Charles ‘Sammy’ Crabbe, Part 1

Department of Education School Inspector Charles 'Sammy' Crabbe with the Aboriginal children of Carrolup. Photograph: Noel White, probably taken in 1948. Noel & Lily White Collection.

Several weeks ago while I was sorting through Noelene White’s family memorabilia relating to Carrolup, I came across a photograph I’d only ever seen in an ABC film about Carrolup. I’d been trying to find a copy of this photograph for ages. The photograph is the one above, which shows Charles Crabbe, known as Sammy Crabbe to the White family, with the Aboriginal children of Carrolup. Who was Sammy Crabbe?

When Noel White arrived at Carrolup in May 1946 he was unable to communicate with the children as they remained silent and sullen in the classroom.

The first week at school with our new teacher we were all scared stiff. I think if it wasn’t for the ever present smile of Mr Whites we would have all stormed out of the school and ran for our lives.’ Revel Cooper

In an attempt to overcome the problem, Noel went to see the local Department of Education Inspector, Charles ‘Sammy’ Crabbe, whose kind understanding of Aboriginal children and their problems were well-known throughout the state. The two men, who had become close friends in the past, discussed a strategy for facilitating communication between teacher and pupils, as well as the best way forward for educating the children.

 They decided that Noel dispense with a formal school timetable for a period of time and focus on arts and activities that are connected with the corroboree (an important aspect of Aboriginal culture and life). He used singing and chanting, dancing, storytelling, drawing, dramatisation and miming, and group speech work to engage the children and help enhance their confidence.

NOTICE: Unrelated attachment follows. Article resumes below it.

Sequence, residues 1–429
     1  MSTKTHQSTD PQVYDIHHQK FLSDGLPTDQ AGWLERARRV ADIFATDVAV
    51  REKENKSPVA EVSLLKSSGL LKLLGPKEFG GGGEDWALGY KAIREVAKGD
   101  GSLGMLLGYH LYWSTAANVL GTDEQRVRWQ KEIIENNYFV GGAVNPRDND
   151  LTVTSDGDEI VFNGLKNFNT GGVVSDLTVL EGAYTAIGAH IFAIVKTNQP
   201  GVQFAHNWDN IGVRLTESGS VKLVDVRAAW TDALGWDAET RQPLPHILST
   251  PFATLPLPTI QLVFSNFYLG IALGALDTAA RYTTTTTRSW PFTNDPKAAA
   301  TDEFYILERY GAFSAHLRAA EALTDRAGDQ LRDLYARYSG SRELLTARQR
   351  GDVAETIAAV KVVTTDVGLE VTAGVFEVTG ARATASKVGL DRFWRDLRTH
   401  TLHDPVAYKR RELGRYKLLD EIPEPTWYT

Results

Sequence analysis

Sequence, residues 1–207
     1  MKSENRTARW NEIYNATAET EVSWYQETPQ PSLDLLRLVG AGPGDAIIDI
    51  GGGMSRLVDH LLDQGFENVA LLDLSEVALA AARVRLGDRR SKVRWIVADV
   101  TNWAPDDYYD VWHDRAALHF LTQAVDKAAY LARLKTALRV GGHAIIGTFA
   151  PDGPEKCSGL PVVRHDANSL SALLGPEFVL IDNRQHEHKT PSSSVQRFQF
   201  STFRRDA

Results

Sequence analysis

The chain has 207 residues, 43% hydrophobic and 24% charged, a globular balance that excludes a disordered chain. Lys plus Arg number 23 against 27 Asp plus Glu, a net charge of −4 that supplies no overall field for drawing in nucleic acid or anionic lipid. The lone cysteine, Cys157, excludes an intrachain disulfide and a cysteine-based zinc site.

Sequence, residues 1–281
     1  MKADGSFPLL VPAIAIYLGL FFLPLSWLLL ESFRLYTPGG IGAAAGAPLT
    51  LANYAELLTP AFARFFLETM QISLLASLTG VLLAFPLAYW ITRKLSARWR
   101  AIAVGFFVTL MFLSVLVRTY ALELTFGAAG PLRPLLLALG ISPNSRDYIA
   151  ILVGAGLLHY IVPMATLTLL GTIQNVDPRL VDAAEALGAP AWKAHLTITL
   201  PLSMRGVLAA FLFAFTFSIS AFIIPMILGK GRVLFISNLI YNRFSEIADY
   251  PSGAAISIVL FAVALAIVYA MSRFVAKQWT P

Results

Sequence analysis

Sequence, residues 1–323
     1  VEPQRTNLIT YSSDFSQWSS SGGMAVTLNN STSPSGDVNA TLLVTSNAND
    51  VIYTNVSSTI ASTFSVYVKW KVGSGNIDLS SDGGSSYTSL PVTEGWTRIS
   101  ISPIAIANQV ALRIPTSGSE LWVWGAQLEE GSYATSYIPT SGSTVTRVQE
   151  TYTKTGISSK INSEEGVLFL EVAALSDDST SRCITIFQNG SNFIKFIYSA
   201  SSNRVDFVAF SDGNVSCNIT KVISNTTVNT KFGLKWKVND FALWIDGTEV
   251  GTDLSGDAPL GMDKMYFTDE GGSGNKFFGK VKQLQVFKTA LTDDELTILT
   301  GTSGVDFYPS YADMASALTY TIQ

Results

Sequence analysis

The strategy worked well and facilitated connection and communication with the children. As the children connected with Noel and gained confidence, they started to reveal their talents. One such talent was drawing, which while initially being a tool to facilitate communication between pupils and teacher, began to grow a life of its own. 

Noel was not an artist himself, but he created enthusiasm amongst the children for art, encouraged them to look carefully at what they saw on their bush rambles, and provided feedback about the children’s work. Noel wasn’t quite aware of how good the Carrolup children had become. It was Sammy Crabbe who realised that something important was happening at Carrolup. During one inspection visit, he said to Noel White: 

There’s something quite new and remarkable coming out here. Leave their style alone. Just go on encouraging their interest and observation.’ M D Miller and F Rutter, Child Artists of the Australian Bush, 1952, p. 43

Sammy Crabbe continued to play an important role in the story of the Aboriginal child artists of Carrolup, as I will reveal in future blogs. His 1951 letter to Dr Kenneth Stewart Cunningham, Director of the Australian Council of Educational Research, which described the early development of the children’s art, is of major historical importance. I will talk much more about this letter in my forthcoming book, written in association with John Stanton.

For now, I ask the families of the children of Carrolup whether they recognise any of the children in this lovely photograph? I believe I can see Barry Loo, Revel Cooper, Parnell Dempster and Reynold Hart. Drop us a line or leave a comment on The Carrolup Story Facebook page or our Facebook Private Group page if you wish.

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